The Masks We Wear
Chapter 15: Biographies and Ultimatums
Sean Pendleton escorted Ray Rios to his office down the hall from the gym. Sean never expected to be teaching in the HCP and this was the second year he was doing it much to his surprise. Still, it was better than the alternative, wearing a white jumpsuit in a highly regulated prison cell where he had spent fourteen years already. Now he had to make a decision whether or not to trust Blaine Jefferies, his old friend, the man who both put him in prison and freed him from it, and the dean of Lander HCP.
They didn’t speak as they walked, Ray simply followed his professor down the hallway of offices outside the gym. Shortly, they arrived at a door labeled with a small plastic sign simply saying ‘Professor Pendleton’. Sean opened the door to admit them.
The office itself was simple. It contained a desk with a chair for Sean to sit in, a computer sat on the desk with a flat screen which was currently displaying the dancing lines of the screen saver, two chairs for students who he might need to meet with, and not much else. He walked around his desk and sat down while pointing to one of the two chairs for students and saying “Take off that insulation and then sit,” in a tone that left no doubt that he was in no mood to be trifled with.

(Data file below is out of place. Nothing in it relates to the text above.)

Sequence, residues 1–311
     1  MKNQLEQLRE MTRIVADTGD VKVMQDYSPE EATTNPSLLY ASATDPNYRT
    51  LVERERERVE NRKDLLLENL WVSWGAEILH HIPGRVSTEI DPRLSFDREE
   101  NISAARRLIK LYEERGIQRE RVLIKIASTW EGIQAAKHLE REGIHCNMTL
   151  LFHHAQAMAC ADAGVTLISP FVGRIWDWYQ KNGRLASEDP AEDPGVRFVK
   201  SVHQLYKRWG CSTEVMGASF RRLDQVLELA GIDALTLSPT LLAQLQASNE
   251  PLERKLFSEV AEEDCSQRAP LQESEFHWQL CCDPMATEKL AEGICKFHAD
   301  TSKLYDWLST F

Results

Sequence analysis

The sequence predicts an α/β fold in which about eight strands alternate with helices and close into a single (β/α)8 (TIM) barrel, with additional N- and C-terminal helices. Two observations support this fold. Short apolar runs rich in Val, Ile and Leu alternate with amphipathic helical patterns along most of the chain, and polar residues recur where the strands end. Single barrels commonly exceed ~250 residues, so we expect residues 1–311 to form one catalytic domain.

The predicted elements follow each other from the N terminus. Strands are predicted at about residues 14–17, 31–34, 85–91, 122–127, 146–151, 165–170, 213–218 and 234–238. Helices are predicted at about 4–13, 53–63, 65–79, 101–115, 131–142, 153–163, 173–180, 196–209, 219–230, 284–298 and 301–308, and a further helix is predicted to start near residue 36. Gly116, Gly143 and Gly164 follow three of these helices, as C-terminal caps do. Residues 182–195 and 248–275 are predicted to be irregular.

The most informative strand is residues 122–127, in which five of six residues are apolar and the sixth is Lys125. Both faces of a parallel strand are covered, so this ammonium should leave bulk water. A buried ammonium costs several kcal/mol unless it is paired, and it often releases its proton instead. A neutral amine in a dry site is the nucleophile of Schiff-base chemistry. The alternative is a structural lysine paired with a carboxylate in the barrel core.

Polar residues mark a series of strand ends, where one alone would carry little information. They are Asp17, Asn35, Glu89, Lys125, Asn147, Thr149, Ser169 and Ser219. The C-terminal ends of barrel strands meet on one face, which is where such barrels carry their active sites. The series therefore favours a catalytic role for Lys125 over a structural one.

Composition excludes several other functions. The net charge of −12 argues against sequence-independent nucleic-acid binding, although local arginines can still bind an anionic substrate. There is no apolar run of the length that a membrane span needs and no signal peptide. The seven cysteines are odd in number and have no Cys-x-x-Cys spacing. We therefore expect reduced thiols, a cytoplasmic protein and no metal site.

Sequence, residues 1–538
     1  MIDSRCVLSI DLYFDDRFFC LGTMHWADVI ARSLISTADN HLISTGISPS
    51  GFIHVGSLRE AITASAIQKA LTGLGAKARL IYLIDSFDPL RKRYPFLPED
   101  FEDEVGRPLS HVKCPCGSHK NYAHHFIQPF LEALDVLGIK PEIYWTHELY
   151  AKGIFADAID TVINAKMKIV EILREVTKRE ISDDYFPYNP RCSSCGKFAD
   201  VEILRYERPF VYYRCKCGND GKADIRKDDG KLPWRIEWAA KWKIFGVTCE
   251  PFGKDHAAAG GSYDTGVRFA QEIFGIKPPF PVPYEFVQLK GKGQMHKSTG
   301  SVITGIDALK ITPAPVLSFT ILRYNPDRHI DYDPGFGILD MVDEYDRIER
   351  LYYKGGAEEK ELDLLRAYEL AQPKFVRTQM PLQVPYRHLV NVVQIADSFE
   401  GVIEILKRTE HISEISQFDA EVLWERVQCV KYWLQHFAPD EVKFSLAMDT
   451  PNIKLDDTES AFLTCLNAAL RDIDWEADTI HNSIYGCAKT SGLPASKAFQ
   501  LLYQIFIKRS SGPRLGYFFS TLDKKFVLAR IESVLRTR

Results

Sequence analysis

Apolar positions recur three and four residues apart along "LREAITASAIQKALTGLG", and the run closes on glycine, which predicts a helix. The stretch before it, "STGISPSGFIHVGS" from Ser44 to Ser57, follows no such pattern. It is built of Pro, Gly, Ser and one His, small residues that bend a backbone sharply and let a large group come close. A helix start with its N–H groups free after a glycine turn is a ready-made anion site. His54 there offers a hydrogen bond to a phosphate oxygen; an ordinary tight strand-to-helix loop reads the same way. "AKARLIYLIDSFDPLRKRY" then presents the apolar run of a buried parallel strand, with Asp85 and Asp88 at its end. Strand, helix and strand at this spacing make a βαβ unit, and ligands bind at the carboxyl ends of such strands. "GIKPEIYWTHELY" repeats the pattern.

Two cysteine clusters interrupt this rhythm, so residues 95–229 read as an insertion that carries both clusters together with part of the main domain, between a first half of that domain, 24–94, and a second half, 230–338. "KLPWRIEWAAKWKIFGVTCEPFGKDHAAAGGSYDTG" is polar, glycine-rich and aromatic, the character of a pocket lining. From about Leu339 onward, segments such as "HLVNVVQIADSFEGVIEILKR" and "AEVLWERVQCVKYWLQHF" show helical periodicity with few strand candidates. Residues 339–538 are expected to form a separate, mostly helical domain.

Ray undid the fastenings on the heavy suit that had let him take a direct blast from Professor Fletcher, while also looking carefully around the room. Sean noted the barely perceptible way Ray’s eyes glanced from side to side, taking in everything in the office at once. To Sean, Ray was displaying all the traits of an HCP trained subtlety hero engaging in the observational techniques drilled into them to use when they are placed in a new area. Ray finished opening the suit, stripped it off and folded the rigid jumpsuit as best he could, piling it in a corner of Professor Pendleton’s office. He had obviously sweated in there, as he said, it was hot under all that insulation.
As Ray sat down, Sean considered his next words carefully. He wasn’t sure the best way to play this one, but as a master of getting information out of people without them realizing it, he decided to start with trying to be the good guy.
Sean let out a deep sigh and started to speak with his student, “Ray, you and I haven’t had much time to interact, normally I wouldn’t be instructing you much until the second half of this year…”
“When you start teaching the alternative course?” Ray interrupted.